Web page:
An earthquake is a sudden undulation of a portion of the earth’s surface. Although the ground surface moves in both horizontal and vertical directions during an earthquake, the magnitude of the vertical component of ground motion is usually small and does not have a significant e¤ect on most structures. It is the horizontal component of ground motion that causes structural damage and that must be considered in designs of structures located in earthquake-prone areas.
During an earthquake, as the foundation of the structure moves with the ground, the above-ground portion of the structure, because of the inertia of its mass, resists the motion, thereby causing the structure to vibrate in the horizontal direction (Fig. 2.8). These vibrations produce horizontal shear forces in the structure. For an accurate prediction of the stresses that may develop in a structure in the case of an earthquake, a dynamic analysis, considering the mass and sti¤ness characteristics of the structure, must be performed. However, for low- to medium-height rectangular buildings, most codes employ equivalent
static forces to design for earthquake resistance. In this empirical approach, the dynamic e¤ect of the earthquake is approximated by a set of lateral (horizontal) forces applied to the structure, and static analysis is performed to evaluate stresses in the structure. The ASCE 7 Standard permits the use of this equivalent lateralforce procedure for earthquake design of buildings. According to the ASCE 7 Standard, the total lateral seismic force that a building is designed to resist is given by the equation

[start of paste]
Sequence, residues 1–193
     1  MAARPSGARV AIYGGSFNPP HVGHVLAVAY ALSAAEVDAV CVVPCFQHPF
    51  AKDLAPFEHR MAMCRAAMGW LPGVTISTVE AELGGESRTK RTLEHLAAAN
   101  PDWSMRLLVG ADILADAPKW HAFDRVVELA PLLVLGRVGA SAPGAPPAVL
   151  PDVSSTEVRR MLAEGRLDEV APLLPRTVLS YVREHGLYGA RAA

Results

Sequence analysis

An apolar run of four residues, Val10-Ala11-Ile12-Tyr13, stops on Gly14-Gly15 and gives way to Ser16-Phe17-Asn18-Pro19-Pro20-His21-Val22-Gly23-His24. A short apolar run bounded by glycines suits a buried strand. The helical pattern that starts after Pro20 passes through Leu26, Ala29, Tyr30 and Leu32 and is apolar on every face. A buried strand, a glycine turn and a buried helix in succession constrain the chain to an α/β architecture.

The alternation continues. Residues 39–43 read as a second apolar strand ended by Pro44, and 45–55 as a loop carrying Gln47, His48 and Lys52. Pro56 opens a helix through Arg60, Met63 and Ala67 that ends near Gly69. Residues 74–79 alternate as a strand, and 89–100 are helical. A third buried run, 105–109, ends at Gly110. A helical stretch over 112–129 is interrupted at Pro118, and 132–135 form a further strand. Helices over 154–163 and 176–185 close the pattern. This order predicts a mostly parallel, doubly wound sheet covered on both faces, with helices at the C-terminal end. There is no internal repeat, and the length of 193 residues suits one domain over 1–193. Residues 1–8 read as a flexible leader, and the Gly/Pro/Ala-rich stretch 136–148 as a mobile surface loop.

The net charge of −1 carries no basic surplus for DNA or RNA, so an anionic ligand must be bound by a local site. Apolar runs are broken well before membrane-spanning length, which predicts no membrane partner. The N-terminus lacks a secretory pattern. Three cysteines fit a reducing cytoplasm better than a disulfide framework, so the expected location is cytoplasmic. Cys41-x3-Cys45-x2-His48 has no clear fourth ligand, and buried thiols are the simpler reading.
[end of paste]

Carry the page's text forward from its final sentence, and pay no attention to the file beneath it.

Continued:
in which SDS is the design spectral response acceleration in the short period range; R denotes the response modification factor; and I represents the importance factor. The ASCE 7 Standard further specifies upper and lower limits for the values of CS to be used in design. The design spectral response acceleration (SDS), used in the evaluation of the design base shear, depends on the geographical location of the structure, and can be obtained using the contour maps provided in the ASCE 7 Standard. The response modification factor R takes into consideration the energy-dissipation capacity of the structure; its values range from 1.25 to 8. For example, for plain unreinforced masonry shear walls, R = 1:5; whereas, for moment resisting frames, R ¼ 8. The values of I to be used for estimating earthquake loads are given in Table 2.3. The total lateral force V thus obtained is then distributed to the various floor levels of the building using the formulas provided in the ASCE 7 Standard. For additional details about this equivalent lateral- FIG. 2.8 E¤ect of Earthquake on a Structure 36 CHAPTER 2 Loads on force procedure, and for limitations on the use of this procedure, the reader is referred to the ASCE 7 Standard.